Scrapping a ‘big fish’
full of poisons
G ro u n d - b re a k i n g f a c i l i t y t o c l e a n
s u b m a r i n e ’s c o n t a m i n a t e d s t e e l s c r a p A former Soviet navy submarine berthed in Amsterdam in the Net...
G ro u n d – b re a k i n g f a c i l i t y t o c l e a n
s u b m a r i n e ’s c o n t a m i n a t e d s t e e l s c r a p A former Soviet navy submarine berthed in Amsterdam in the Netherlands for 18 years
is now being dismantled at Jansen Recycling Group’s yard in the Port of Rotterdam. Not
an easy task, as the 90m vessel contains asbestos and chromium-6, a cancer-causing
chemical. Contaminated steel scrap will be cleaned at a new EUR 80 million specialised
smelter in the north of the country which is expected to be operational this summer.
‘Trust me, that’s a lot of scrap laying
there,’ says Jansen Recycling’s direc-
tor of operations Peter Roest with
pride as he points at the rusty colos-
sus parked at the far end of a wide
quayside platform at Vlaardingen in
Rotterdam. ‘This submarine weighs
1 800 tonnes of which 300 is just the
batteries. The rest is mainly steel but
there’s also copper, nickel – you name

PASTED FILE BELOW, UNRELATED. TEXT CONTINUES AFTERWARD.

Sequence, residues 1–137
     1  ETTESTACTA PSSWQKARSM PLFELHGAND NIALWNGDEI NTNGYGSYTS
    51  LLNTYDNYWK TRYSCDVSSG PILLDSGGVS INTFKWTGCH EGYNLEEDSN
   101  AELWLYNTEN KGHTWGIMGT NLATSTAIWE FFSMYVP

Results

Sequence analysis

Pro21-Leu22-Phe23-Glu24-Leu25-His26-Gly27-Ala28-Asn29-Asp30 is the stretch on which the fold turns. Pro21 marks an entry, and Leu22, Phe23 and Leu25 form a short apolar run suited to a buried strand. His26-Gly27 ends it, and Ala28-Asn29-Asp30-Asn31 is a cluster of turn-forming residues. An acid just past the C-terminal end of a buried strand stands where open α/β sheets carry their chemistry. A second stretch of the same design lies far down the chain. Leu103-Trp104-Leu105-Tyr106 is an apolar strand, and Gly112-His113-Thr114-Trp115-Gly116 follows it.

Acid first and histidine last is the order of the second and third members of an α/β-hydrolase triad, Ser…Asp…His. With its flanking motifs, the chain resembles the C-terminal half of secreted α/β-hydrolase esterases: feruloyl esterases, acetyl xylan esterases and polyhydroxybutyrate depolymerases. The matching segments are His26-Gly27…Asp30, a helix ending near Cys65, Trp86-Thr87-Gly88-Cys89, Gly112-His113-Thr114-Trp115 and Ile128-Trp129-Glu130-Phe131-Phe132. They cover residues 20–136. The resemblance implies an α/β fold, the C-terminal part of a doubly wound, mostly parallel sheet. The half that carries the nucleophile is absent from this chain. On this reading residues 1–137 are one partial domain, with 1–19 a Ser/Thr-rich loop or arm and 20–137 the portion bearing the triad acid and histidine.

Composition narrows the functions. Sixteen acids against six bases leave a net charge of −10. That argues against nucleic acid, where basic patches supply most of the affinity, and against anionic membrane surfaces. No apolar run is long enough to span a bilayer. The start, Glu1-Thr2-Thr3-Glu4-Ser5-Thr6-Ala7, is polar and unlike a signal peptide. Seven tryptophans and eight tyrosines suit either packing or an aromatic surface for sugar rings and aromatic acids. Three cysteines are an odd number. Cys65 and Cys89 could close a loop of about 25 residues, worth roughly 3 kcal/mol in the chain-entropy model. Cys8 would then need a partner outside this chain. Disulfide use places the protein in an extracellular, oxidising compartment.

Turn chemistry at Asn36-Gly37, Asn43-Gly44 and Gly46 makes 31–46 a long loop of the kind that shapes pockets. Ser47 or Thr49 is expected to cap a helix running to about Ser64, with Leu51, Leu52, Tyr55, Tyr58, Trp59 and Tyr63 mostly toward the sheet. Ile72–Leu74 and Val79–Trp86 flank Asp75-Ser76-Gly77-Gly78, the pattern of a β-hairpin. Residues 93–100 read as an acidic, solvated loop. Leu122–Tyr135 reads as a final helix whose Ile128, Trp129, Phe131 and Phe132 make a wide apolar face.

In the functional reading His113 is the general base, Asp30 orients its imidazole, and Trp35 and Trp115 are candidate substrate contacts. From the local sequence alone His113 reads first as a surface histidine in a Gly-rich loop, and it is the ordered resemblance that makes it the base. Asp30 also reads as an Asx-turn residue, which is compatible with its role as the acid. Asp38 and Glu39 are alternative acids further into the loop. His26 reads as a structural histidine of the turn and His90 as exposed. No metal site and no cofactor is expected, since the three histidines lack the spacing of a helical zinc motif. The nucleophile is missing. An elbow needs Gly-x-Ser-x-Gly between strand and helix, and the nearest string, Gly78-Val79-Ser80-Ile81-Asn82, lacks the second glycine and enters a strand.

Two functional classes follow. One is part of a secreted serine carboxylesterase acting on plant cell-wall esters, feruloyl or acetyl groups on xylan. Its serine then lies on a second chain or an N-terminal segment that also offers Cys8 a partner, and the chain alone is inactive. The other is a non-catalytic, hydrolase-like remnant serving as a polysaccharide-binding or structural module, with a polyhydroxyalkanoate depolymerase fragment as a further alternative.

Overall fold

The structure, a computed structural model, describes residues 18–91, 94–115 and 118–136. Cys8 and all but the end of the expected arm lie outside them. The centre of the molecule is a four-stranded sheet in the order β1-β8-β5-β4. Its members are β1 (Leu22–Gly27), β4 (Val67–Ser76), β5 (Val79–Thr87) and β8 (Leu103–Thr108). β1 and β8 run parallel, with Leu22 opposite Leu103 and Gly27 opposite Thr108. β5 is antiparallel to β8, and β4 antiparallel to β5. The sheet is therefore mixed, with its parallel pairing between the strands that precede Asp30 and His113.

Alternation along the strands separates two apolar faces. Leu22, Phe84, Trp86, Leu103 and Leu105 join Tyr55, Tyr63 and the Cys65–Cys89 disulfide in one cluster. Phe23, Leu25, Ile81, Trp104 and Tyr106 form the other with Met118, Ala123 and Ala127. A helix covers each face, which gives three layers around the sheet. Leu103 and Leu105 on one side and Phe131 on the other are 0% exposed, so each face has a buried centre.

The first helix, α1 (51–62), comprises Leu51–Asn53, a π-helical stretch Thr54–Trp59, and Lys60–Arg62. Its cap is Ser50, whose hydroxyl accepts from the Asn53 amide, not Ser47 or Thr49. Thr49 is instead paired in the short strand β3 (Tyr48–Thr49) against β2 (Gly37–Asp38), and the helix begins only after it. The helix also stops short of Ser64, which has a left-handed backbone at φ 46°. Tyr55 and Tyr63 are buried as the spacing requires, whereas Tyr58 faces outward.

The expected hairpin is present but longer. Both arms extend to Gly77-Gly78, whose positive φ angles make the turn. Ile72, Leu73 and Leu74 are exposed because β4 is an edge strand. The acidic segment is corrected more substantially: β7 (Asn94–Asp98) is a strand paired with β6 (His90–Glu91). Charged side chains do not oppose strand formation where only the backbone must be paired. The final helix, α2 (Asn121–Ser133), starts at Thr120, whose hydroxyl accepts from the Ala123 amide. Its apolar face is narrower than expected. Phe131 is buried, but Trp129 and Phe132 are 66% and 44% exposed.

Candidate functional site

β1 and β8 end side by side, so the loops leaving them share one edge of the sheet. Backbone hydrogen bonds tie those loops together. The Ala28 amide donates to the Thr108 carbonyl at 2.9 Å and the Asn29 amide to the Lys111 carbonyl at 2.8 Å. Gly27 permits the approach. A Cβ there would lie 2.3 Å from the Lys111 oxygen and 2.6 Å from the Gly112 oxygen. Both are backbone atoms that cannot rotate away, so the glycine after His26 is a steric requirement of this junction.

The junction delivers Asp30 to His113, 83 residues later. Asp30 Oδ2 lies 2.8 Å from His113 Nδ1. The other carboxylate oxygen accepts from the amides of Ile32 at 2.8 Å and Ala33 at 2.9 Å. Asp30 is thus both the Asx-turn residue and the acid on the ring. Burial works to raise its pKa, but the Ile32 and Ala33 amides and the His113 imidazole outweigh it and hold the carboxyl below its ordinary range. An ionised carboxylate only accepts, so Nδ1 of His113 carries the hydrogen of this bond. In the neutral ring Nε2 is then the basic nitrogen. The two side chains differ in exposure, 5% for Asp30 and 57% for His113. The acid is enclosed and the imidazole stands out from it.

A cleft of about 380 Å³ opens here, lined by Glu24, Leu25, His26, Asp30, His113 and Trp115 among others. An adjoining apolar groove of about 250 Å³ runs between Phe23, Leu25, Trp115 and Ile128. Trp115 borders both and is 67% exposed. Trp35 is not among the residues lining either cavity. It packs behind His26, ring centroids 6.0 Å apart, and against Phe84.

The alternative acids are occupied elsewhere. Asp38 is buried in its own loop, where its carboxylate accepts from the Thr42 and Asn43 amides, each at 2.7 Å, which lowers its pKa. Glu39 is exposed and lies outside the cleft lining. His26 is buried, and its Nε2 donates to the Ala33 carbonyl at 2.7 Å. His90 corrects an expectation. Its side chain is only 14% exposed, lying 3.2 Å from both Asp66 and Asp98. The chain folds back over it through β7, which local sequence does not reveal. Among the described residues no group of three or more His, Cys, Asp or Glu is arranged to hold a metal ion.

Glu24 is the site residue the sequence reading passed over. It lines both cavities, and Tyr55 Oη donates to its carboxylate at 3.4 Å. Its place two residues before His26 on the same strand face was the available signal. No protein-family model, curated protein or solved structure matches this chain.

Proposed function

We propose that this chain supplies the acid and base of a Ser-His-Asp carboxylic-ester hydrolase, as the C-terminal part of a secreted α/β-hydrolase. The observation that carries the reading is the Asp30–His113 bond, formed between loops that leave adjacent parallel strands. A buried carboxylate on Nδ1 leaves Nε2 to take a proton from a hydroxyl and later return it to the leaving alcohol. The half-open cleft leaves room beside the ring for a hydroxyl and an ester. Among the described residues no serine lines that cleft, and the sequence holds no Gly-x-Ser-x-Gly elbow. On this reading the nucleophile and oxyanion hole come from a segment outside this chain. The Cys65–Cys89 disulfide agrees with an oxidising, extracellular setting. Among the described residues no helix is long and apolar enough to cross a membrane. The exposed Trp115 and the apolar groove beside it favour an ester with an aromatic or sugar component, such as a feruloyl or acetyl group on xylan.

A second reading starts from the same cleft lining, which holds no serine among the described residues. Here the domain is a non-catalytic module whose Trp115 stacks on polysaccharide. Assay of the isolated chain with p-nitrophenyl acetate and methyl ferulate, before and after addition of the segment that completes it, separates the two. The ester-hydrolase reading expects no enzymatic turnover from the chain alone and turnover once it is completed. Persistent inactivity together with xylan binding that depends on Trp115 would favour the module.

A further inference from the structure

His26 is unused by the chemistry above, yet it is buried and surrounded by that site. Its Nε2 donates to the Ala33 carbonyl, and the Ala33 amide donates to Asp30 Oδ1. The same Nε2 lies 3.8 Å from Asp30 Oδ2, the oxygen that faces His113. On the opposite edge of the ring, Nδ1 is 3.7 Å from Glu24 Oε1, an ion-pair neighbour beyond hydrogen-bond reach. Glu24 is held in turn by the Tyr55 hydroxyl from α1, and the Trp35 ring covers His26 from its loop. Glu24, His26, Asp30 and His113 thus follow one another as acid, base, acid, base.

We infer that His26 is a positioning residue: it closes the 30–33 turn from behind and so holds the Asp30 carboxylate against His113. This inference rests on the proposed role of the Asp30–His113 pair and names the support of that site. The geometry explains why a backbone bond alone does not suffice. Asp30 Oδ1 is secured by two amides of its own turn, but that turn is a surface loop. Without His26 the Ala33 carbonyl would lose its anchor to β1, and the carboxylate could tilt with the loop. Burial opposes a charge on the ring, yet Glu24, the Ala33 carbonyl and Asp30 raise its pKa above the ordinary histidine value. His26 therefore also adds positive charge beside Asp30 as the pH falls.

Stabilised by 5 metre high piles of
sand to prevent it from rolling onto its
side, the vessel is surrounded by a
secured fence: visitors to Jansen
Recycling’s ship and offshore installa-
tions dismantling facility get only a
glimpse from the outside of the
Well-equipped for heavy duty
Foxtrot B-80 is certainly not the Jansen Recycling Group’s first mega-job.
Thanks to its location alongside the Port of Rotterdam, the company has
wide experience in dismantling off-shore and on-shore structures such as oil
platforms and ships as well as windmills and railway bridges.
In 2013, the company caught a ‘big fish’ when it was commissioned to dis-
mantle and scrap the 140m Baltic Ace, a vessel that had leapt to interna-
tional prominence the year before when it sank in the North Sea en route
from Zeebrugge in Belgium to Kotka in Finland while carrying a load of 1
400 new cars.
Dismantling structures of this type requires a special approach in terms of
both logistics and equipment, such as cranes for unloading ships. Jansen’s
36 500 m2 Vlaardingen facility has it all: the yard boasts a 200m quay with
an open connection to the North Sea as well as a scrap shear with 1 000
tonnes of cutting force. The facility also specialises in the dismantling and
demolition of large items such as sea containers.
Becoming a specialist scrap recycler was a strategic decision made by
Jansen Recycling some years ago. The company wanted to step away from
an industry where everybody is chasing scrap. ‘More and more, we have
developed into a solutions provider rather a straightforward scrap mover,’
explains Jansen Recycling’s operational director Peter Roest.
A U t h o R Martijn Reintjes
Peter Roest: ‘The first thing to do
is safely remove the asbestos.’